Here behind the Zion Curtain conversations that contain the words "freedom" and "religion" are usually joined by the preposition "from." The context, of course, is the muscle the Mormon Church either overtly or covertly exerts over governmental policies that affect every citizen, Mormon or not.
Still, we're enjoying a fresh debate about getting the Mormon-dominated government of Utah out of the socialized liquor sales business. Teetotaling state legislators have finally noticed that a state-run liquor agency with its maze of abstruse regulations is contrary to both the exercise of free agency and the purity of their conservative values. And we finally have evidence that Utah's Department of Alcoholic Beverage Control is also hopelessly corrupt.
'Reminds me of what the Roman Senator Tacitus noted a couple of millennia ago: "In a state where corruption abounds, laws must be very numerous." It just warms the cockles of my religious heart to see that our lawmakers are thinking about repenting.
But Utah's noxious liquor control system is a minor irritant compared to the religious-driven issues outside of our state's borders.
You see, elsewhere in our country the conversations that contain the words "freedom" and "religion" are more often joined by the preposition "of." For example, here in Utah we see new church construction going on all over the place with nary a breath of interference from municipal or county officials. It just doesn't occur to Utahns to impede building churches, regardless of who's driving the nails.
By contrast, last week a Foursquare Gospel congregation on the east side of San Francisco Bay has resigned itself to suing the city of San Leandro for the serious financial losses they suffered when the city refused to allow them to build a church. How much money did the congregation lose? The losses began with over a million dollars in mortgage payments for property they were not allowed to build on. Then, when the church finally gave up and sold their property, they lost another two million dollars.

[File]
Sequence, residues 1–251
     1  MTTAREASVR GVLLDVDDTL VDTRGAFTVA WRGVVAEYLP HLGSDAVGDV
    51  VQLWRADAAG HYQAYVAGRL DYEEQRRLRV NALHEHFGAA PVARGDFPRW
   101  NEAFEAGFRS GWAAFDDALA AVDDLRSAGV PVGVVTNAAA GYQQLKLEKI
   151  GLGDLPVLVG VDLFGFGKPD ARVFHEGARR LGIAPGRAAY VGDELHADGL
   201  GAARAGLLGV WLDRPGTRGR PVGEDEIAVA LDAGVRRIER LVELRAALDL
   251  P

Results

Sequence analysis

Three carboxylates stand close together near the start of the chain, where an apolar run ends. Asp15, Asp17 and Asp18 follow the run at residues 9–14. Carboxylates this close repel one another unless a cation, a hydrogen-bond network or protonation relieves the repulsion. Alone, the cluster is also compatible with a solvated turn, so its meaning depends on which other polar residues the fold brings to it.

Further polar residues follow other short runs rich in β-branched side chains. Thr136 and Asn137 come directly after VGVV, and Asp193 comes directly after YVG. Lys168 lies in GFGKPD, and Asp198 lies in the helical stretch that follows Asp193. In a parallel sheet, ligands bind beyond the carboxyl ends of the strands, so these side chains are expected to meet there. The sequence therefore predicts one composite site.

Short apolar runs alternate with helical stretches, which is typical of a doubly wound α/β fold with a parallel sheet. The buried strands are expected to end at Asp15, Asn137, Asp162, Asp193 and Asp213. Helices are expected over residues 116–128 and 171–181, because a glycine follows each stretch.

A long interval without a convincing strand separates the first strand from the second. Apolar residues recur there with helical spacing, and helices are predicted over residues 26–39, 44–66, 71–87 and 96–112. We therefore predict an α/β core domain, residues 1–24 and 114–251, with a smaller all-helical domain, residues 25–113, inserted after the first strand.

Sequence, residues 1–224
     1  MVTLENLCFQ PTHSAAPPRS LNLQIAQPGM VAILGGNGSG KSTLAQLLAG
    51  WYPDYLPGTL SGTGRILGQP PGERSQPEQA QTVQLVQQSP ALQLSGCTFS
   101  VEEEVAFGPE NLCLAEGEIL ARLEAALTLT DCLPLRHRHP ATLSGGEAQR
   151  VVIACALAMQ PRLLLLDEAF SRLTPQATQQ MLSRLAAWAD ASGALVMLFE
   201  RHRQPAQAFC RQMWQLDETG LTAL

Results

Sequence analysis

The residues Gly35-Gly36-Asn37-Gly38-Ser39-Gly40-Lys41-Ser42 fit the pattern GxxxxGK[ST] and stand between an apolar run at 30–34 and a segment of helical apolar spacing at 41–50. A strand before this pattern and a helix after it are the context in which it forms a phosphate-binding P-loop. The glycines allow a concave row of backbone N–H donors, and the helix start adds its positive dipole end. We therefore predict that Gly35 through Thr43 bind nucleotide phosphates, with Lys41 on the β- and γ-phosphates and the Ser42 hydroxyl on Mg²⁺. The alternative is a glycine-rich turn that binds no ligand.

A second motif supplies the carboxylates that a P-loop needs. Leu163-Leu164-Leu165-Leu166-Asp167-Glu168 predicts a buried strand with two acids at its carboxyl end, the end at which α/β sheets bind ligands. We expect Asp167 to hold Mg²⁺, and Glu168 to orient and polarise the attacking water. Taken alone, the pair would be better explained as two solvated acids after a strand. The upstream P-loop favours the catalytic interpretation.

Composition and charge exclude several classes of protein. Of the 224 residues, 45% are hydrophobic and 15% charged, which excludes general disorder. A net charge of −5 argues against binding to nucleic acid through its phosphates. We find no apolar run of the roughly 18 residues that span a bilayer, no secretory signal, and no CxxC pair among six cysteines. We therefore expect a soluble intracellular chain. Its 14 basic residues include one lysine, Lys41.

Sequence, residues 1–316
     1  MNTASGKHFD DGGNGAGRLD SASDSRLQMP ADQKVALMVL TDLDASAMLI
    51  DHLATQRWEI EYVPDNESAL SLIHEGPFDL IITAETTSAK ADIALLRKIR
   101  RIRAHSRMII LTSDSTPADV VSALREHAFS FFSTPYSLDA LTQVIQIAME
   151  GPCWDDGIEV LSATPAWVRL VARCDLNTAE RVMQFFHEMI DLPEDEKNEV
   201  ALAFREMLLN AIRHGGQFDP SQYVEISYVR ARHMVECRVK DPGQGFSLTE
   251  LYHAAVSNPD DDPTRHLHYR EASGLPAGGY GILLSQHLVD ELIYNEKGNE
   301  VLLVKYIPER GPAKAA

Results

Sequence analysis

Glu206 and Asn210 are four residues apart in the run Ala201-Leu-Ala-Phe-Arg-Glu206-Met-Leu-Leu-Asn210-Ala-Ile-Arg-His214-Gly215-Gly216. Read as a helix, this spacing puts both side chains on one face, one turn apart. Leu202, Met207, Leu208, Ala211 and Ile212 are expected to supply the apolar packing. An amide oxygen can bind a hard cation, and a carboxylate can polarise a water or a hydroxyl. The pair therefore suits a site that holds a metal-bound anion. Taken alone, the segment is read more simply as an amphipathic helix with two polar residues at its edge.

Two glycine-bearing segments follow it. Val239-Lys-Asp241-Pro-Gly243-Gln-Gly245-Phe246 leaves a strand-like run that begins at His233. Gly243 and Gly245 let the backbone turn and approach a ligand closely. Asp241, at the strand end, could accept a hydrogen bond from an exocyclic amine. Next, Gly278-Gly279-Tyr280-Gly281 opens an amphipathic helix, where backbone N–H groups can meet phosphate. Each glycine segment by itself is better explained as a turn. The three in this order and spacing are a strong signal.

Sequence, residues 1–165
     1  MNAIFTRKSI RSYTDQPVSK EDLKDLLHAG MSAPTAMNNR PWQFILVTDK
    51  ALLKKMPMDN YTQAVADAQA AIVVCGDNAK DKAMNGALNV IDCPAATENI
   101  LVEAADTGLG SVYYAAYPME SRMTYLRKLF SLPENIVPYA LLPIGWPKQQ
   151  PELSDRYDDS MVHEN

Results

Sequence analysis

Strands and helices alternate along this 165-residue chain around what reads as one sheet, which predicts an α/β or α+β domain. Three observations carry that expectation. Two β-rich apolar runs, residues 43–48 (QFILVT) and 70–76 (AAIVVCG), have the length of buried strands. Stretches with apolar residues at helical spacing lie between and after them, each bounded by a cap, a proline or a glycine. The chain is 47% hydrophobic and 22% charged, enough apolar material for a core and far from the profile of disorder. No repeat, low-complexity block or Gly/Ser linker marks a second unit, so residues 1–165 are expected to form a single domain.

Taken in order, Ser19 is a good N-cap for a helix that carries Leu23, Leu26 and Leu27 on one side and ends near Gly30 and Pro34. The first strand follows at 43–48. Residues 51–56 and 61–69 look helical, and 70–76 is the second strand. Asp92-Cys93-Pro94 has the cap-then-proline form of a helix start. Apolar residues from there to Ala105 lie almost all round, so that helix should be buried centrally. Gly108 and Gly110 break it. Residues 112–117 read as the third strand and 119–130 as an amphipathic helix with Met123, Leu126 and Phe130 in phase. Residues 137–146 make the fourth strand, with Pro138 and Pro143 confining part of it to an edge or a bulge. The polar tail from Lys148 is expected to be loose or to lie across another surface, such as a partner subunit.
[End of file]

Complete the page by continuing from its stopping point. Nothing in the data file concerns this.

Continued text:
The city of San Leandro has spent about $600,000 in legal costs pushing the church around. Why? They want property taxes, which the church would be exempt from paying. Unfortunately for San Leandro and its citizens who will ultimately be paying the damages through their own taxes, the federal Religious Land Use and Institutionalized Persons Act makes it clear that taxes are not a compelling governmental interest to be used to prevent a church from building on its property.
More clever municipalities and counties like San Francisco are restricting churches through a pernicious system of building codes. But happily, that kind of interference doesn't happen in Utah.
However, the federal government has entered the restriction of religious freedom fray.
Also last week in a national meeting Roman Catholic Bishops were obliged to condemn both state and the Obama administration's moves to generally marginalize religious people. At issue are the insufficient exceptions provided in state and federal laws for religious care-giving agencies.
For example, Catholic Charities in Illinois have been cut off from providing services for adoptions and foster-care placements. Why? Because, Catholic religious convictions won't allow them to recognize Illinois' new civil union law and gay marriage.
There's a similar gay marriage dispute in the state of New York involving both Catholic and Orthodox Jewish family service agencies.
The federal department of Health and Human Services has opened up another battleground against religious care-giving agencies who are helping refugees who are victims of human trafficking -- women and children who were enslaved to prostitution. The feds have cut off contracting with care-giving agencies that can't provide contraception and abortion services because of religious convictions.
And the Obama administration has declared open warfare against the majority of religious people in America by refusing to support the Defense of Marriage Act, which was signed into law by President Bill Clinton in 1996. Why? Because, the principle of marriage between a man and a woman is, in the president's words, "counter to the Constitution."
Freedom doesn't ring as loudly for religious people in America as it used to.
Here in Utah it's irritating to have to deal with the baloney it takes to buy a bottle of wine or order a martini. But I'll take those irritants over the systematic restrictions on religion that are increasing elsewhere in our country.